Sometimes the higher RV isn’t always the best deal. So it’s all about looking at the data and truly understanding what that looks like. So James, thank you brother for coming on. I just want to quickly highlight to you if you guys want to go back and learn more about James from the Rookie podcast. He was on episode 1 65, which is all about estimating rehab costs. So if you really want to dig into that topic, 1 65 and then episode 1 66, we brought him back and that was about finding contractors and more red flags about renovating. So James, thank you for hopping on today, brother, as always, appreciate all the guidance you shared with us.

James:
Yeah, and Tony, I have one more tip for the new flippers out there because the construction is hard. It is a hard, the more projects you do, the more you learn in e systemize it. One of the best things that you can do as a new flipper is go out and interview contractors that have been in this space for a while and have them come in the deal with you. The more you build that team behind you, it’s better to offer a little bit of equity and make them a partner in the deal than to mismanage and let the job site get ran up on change orders and timeframes. And if they’re connected in the deal with you, they’re going to be a partner. They’re going to look at it like you would and they’re going to help protect your investment. It’s a great way to mitigate loss. And you get to learn, even if you’re giving away 50%, they’re going to be teaching you a lot through it and your money’s going to be protected. So look at those partners. We do a lot of partnerships too with general contractors in Seattle. It gives me time, it allows me to scale, but it also helps my job sites run smooth.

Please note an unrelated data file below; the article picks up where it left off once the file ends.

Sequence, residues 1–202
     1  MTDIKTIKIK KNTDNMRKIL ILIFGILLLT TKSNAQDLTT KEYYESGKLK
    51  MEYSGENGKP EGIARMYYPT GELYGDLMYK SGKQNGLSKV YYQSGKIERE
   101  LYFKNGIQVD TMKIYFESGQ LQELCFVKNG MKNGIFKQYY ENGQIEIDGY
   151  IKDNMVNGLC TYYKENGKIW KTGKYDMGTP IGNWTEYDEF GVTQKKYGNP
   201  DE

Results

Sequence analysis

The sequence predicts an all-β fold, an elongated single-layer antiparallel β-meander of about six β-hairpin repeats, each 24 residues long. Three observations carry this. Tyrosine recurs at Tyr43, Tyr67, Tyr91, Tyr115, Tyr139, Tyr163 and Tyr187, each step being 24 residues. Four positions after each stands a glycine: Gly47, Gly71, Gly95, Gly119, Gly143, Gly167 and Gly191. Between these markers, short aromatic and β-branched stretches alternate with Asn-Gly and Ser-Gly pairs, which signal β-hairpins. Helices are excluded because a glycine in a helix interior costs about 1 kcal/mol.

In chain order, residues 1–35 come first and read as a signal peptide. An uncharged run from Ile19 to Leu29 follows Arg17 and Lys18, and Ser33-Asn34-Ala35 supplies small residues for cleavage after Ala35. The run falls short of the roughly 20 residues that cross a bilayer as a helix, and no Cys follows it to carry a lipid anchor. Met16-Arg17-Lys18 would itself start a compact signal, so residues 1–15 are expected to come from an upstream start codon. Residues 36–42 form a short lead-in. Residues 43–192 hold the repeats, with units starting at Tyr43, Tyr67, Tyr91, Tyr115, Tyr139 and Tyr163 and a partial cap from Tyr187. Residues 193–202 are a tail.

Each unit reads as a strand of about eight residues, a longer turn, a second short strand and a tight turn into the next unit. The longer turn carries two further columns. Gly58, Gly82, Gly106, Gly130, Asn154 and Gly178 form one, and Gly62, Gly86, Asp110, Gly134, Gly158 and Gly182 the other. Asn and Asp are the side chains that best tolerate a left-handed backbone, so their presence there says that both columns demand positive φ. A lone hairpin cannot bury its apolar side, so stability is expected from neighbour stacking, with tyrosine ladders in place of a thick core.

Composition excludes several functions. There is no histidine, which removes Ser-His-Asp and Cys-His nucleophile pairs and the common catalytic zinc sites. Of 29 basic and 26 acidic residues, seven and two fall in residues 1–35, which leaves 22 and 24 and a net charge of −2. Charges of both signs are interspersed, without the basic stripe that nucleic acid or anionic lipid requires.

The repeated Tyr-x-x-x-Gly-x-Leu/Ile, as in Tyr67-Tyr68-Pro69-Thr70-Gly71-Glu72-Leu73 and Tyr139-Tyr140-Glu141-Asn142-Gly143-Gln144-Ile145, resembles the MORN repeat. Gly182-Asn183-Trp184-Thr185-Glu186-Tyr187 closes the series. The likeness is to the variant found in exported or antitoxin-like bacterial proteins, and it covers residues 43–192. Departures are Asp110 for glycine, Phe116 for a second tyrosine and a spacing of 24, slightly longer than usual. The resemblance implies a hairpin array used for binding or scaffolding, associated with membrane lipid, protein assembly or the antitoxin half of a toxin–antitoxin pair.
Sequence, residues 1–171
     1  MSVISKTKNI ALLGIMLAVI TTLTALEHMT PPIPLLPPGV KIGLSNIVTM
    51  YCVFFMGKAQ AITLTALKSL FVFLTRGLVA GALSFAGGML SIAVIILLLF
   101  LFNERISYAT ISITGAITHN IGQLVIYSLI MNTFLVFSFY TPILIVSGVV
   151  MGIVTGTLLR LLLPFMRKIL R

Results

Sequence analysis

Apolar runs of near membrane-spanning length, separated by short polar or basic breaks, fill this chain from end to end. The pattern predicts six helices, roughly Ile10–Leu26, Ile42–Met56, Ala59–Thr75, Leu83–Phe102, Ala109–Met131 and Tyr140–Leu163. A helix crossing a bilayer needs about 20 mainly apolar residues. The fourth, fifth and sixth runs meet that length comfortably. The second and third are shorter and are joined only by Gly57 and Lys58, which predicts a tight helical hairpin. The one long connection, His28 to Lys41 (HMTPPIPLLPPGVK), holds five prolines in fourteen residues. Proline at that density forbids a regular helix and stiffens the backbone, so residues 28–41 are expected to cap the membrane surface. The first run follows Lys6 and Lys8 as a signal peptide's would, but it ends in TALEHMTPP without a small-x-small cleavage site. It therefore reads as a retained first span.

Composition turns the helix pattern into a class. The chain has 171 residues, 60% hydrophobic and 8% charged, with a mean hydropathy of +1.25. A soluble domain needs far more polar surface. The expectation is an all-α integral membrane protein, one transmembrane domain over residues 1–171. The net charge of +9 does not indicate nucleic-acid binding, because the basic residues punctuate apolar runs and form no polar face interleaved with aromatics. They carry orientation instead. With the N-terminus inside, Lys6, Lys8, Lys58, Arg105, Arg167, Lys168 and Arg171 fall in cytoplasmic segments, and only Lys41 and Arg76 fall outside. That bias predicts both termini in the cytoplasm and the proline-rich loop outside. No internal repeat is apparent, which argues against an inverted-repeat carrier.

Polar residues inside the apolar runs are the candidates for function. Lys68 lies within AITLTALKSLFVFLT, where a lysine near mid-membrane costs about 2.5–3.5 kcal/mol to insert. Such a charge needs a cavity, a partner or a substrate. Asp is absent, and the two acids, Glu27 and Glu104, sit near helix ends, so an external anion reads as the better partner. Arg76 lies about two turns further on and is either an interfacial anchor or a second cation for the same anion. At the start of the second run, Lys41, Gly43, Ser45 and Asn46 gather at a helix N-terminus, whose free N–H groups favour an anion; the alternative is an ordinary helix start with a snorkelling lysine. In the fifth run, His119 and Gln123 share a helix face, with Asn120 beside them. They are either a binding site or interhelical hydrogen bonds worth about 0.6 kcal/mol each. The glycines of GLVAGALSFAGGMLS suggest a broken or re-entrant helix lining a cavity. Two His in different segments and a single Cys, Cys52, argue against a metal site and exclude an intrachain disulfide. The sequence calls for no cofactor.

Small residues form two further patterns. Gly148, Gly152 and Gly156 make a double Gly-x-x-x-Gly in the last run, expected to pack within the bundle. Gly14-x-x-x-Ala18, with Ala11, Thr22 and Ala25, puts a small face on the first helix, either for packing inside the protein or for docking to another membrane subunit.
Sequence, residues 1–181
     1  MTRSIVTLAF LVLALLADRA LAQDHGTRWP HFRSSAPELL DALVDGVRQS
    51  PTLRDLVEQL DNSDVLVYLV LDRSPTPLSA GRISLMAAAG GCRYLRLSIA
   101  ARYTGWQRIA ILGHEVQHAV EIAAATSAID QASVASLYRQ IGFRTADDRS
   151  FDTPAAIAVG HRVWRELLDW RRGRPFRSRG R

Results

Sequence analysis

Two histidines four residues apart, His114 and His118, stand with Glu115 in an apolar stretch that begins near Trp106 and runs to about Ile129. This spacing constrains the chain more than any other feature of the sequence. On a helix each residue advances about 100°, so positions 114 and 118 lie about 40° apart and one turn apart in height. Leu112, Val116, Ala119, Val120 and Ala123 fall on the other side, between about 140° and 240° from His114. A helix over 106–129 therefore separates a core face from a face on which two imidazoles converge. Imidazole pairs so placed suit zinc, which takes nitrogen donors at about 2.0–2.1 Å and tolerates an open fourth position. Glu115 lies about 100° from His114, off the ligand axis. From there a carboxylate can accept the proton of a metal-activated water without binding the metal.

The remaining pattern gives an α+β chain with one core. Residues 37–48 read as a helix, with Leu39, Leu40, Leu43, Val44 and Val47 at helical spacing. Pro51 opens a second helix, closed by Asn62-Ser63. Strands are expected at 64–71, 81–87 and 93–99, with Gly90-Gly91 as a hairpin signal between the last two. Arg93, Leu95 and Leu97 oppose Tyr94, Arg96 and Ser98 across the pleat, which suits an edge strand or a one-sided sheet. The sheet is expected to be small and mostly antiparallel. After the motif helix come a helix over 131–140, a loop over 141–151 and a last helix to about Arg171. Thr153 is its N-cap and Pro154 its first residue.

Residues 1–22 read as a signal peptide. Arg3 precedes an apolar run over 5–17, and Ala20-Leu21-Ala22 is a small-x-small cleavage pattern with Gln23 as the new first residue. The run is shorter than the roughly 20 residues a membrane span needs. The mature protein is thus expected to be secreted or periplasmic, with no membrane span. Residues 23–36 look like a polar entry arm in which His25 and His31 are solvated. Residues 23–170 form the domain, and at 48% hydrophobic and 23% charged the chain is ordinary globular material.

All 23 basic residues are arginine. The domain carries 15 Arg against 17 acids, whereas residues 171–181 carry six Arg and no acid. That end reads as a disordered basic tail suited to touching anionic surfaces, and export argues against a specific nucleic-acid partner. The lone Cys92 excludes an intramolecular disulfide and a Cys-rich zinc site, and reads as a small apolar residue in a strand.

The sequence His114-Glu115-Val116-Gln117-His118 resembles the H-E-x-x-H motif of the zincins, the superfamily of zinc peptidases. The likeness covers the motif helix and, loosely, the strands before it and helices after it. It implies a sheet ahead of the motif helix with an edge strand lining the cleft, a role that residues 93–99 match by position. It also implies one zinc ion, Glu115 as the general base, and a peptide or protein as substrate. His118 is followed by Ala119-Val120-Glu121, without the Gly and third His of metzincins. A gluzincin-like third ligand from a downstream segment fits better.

Tony:
James, now you just opened up Pandora’s Box to have all of our rookies in your DM saying like, Hey, let’s partner on a deal together. So don’t be surprised if you get the onslaught of people reaching out to you, brother. Well, James, as always, brother, like I said, appreciate you hopping on Man Guys rookies. Please, please, please go learn more about James. Listen to those other episodes. If you want to connect with him, check these show notes for today’s episodes. We’ll have his contact info down there below. If you guys want to connect with me on Instagram, you can find my contact info there as well. And James is also co-host of the BiggerPockets on the Market podcast. So go check that out. If you guys want to hear James talk more about real estate, the economy, things that are going on, and more about real estate investing. So that is it for today, guys. Again, my name’s Tony Robinson. I will see you guys on the next episode.